Carlson said Bolton was “one of the most progressive people in the Trump administration.”
  3. A view of the student center at the University of South Florida St. Petersburg, where opposition is mounting over a plan to consolidate USF's three campuses. Some state lawmakers are opposed to parts of it that would concentrate authority over academic decisions in Tampa. CHRIS URSO   |   TIMES  |
    They say the proposal by USF president Steve Currall conflicts with a new Florida law by giving too much authority to the Tampa campus.
  4. Wreckage left behind by Hurricane Michael. News Service of Florida
    Entire school systems are still recovering from long-standing damage and dealing with the disruptive aftermath of the storm.
  5. An aerial view of the AmericanAirlines Arena, of the Miami Heat. American is set to leave as the named sponsor by the end of 2019. DRONEBASE VIA AP
    BangBros, best known for filming sex scenes in vans, announced it had submitted a $10 million bid to replace American Airlines as title sponsor of the county-owned arena.
  6. From left, Democratic presidential candidates Sen. Bernie Sanders, I-Vt., former Vice President Joe Biden and Sen. Elizabeth Warren, D-Mass. raise their hands to answer a question Thursday, Sept. 12, 2019, during a Democratic presidential primary debate hosted by ABC at Texas Southern University in Houston. (AP Photo/David J. Phillip) DAVID J. PHILLIP  |  AP
    This time, the Democratic debate showed clear policy differences. But which ones were factual?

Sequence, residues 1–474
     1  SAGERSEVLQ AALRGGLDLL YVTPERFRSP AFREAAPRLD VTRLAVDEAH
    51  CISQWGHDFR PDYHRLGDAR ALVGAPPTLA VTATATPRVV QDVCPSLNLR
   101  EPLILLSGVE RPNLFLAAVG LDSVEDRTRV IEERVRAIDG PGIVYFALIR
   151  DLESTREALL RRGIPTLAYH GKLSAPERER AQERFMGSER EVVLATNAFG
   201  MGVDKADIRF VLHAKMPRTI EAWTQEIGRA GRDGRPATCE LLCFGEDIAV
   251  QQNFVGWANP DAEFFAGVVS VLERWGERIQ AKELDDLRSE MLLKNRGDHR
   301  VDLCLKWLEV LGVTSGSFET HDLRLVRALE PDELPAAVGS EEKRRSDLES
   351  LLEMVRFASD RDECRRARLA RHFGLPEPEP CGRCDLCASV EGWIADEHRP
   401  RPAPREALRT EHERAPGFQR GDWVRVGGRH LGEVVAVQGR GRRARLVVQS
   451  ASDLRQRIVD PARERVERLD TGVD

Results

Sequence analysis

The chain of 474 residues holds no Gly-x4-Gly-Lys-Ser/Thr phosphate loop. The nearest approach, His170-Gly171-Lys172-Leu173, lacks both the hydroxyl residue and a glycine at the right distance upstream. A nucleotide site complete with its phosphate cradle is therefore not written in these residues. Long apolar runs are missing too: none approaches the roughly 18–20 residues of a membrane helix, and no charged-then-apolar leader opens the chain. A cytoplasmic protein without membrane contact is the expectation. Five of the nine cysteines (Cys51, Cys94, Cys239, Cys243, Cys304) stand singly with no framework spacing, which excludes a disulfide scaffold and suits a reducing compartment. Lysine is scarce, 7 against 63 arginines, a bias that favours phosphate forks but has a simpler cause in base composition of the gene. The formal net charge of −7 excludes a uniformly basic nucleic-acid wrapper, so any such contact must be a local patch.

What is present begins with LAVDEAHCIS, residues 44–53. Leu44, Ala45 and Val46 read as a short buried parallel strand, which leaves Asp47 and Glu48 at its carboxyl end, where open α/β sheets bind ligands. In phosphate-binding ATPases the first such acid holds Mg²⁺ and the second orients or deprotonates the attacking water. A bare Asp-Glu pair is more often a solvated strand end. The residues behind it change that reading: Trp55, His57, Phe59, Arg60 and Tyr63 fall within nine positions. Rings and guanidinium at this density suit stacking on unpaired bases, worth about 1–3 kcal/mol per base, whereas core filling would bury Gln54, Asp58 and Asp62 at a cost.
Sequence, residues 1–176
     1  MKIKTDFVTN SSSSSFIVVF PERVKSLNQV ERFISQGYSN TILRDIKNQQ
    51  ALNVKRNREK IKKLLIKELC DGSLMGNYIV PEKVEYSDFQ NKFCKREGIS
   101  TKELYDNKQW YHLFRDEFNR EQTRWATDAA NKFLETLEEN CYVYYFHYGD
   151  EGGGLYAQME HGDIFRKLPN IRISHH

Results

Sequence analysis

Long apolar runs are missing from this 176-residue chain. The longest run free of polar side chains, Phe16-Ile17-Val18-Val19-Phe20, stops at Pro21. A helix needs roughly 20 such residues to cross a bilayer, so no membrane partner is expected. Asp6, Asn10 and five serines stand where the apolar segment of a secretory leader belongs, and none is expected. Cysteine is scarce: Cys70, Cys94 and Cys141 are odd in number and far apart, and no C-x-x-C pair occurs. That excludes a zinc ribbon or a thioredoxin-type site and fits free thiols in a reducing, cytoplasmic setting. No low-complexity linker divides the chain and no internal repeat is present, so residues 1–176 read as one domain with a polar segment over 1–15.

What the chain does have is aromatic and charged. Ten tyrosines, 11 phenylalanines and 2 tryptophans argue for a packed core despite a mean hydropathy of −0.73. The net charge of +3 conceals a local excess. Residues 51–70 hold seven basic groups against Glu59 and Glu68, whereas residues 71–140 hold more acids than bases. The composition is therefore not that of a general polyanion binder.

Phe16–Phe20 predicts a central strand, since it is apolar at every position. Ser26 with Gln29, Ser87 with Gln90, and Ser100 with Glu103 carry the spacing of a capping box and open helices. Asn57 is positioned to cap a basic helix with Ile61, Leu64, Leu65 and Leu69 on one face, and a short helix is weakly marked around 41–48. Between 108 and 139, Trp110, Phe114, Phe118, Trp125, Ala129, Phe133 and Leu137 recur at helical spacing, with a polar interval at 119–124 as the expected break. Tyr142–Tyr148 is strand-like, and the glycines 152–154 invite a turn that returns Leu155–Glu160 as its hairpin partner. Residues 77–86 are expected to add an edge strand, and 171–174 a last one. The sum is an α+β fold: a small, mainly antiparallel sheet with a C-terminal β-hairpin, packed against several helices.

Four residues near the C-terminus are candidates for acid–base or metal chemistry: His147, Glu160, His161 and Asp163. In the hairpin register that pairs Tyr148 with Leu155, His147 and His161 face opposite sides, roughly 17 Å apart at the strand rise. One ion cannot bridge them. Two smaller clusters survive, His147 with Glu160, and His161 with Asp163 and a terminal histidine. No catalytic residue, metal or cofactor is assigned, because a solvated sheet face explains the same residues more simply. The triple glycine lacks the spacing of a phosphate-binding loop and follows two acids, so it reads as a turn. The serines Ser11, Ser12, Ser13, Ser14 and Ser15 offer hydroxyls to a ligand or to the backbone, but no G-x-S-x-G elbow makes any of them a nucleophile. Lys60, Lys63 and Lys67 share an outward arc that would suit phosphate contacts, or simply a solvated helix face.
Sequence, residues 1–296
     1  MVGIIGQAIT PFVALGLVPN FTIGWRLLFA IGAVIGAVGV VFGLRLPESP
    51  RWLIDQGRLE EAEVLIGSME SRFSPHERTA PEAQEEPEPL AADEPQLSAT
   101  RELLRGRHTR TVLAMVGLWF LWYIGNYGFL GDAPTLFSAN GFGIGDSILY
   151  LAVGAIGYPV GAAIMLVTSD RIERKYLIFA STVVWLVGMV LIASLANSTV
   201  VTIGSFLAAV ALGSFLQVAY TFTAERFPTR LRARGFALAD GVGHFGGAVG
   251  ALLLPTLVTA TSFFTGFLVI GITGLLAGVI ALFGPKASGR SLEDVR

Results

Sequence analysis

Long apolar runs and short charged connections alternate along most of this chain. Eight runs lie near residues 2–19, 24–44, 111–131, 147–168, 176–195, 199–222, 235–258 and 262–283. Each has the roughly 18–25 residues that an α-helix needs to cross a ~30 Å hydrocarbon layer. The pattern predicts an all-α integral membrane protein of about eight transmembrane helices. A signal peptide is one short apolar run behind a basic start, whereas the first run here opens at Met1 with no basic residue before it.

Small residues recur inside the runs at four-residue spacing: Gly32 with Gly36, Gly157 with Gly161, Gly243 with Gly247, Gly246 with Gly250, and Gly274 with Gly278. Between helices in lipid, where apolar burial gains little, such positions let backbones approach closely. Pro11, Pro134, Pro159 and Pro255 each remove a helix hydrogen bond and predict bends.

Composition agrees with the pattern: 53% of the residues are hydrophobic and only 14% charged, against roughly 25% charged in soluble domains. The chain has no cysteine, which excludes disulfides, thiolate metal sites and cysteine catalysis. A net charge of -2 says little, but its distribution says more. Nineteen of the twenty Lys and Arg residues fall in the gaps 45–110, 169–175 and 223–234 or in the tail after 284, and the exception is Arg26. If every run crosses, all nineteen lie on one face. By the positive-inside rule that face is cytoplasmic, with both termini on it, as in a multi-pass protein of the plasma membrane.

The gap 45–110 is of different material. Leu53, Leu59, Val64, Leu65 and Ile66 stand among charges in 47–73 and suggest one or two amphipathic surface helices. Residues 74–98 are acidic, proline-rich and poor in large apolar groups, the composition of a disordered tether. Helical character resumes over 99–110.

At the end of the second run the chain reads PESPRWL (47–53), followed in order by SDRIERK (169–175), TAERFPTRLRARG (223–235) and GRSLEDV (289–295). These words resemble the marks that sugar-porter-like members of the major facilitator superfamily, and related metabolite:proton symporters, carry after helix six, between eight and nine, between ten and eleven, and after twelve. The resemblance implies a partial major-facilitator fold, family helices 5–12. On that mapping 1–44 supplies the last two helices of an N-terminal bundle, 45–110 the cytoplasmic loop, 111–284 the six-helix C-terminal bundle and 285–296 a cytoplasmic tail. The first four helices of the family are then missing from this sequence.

7. An architect's rendering shows part of a planned research center and hospital on N McKinley Drive in Tampa for the Moffitt Cancer Center. During the 2020 legislative session in Tallahassee, the center will seek an increased share of Florida's cigarette tax to finance the McKinley Drive project and other improvements. Moffitt officials said Thursday that the increase initially would finance $205 million, to be paired with $332 million they have already allocated for the project. Moffitt Cancer Center
    Florida lawmakers are the key to unlocking the money, which would pay for more hospital beds and research space.
  8. The Agency for Persons with Disabilities [Special to the Times]
    Potential changes could affect virtually every client that receives services through the state’s disabilities program, to save tens of millions from the agency’s bottom line.
  9. Florida Supreme Court Justices Barbara Lagoa, left, and Robert Luck, right, were appointed to the 11th U.S. Circuit Court of Appeals in Atlanta by President Trump. Florida Supreme Court
    Justices Barbara Lagoa and Robert Luck have been serving on Florida’s highest court since January.
  10. From left, Democratic presidential candidates Sen. Amy Klobuchar, D-Minn., Sen. Cory Booker, D-N.J., South Bend Mayor Pete Buttigieg, Sen. Bernie Sanders, I-Vt., former Vice President Joe Biden, Sen. Elizabeth Warren, D-Mass., Sen. Kamala Harris, D-Calif., entrepreneur Andrew Yang, former Texas Rep. Beto O'Rourke and former Housing Secretary Julian Castro are introduced Thursday, Sept. 12, 2019, before a Democratic presidential primary debate hosted by ABC at Texas Southern University in Houston. (AP Photo/David J. Phillip) DAVID J. PHILLIP  |  AP
    It’s the the third time the Democratic presidential candidates met to debate, and the first time that all three front runners, Joe Biden, Elizabeth Warren and Bernie Sanders, shared the same stage.
Advertisement
Advertisement
Advertisement